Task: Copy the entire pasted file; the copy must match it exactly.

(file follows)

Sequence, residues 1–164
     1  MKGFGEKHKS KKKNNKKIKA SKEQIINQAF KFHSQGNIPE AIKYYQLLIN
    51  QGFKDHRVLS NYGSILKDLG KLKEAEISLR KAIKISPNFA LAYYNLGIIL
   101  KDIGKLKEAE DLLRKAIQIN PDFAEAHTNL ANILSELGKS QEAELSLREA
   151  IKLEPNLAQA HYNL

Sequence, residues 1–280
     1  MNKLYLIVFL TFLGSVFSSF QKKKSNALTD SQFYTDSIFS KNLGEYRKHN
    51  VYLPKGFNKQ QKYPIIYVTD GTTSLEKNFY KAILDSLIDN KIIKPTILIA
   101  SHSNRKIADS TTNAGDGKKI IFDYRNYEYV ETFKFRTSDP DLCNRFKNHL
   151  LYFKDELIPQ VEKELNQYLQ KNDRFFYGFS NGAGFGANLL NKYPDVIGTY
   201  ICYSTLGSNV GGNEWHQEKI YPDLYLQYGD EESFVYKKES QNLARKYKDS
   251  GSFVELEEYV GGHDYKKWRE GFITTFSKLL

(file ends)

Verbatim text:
Sequence, residues 1–164
     1  MKGFGEKHKS KKKNNKKIKA SKEQIINQAF KFHSQGNIPE AIKYYQLLIN
    51  QGFKDHRVLS NYGSILKDLG KLKEAEISLR KAIKISPNFA LAYYNLGIIL
   101  KDIGKLKEAE DLLRKAIQIN PDFAEAHTNL ANILSELGKS QEAELSLREA
   151  IKLEPNLAQA HYNL

Sequence, residues 1–280
     1  MNKLYLIVFL TFLGSVFSSF QKKKSNALTD SQFYTDSIFS KNLGEYRKHN
    51  VYLPKGFNKQ QKYPIIYVTD GTTSLEKNFY KAILDSLIDN KIIKPTILIA
   101  SHSNRKIADS TTNAGDGKKI IFDYRNYEYV ETFKFRTSDP DLCNRFKNHL
   151  LYFKDELIPQ VEKELNQYLQ KNDRFFYGFS NGAGFGANLL NKYPDVIGTY
   201  ICYSTLGSNV GGNEWHQEKI YPDLYLQYGD EESFVYKKES QNLARKYKDS
   251  GSFVELEEYV GGHDYKKWRE GFITTFSKLL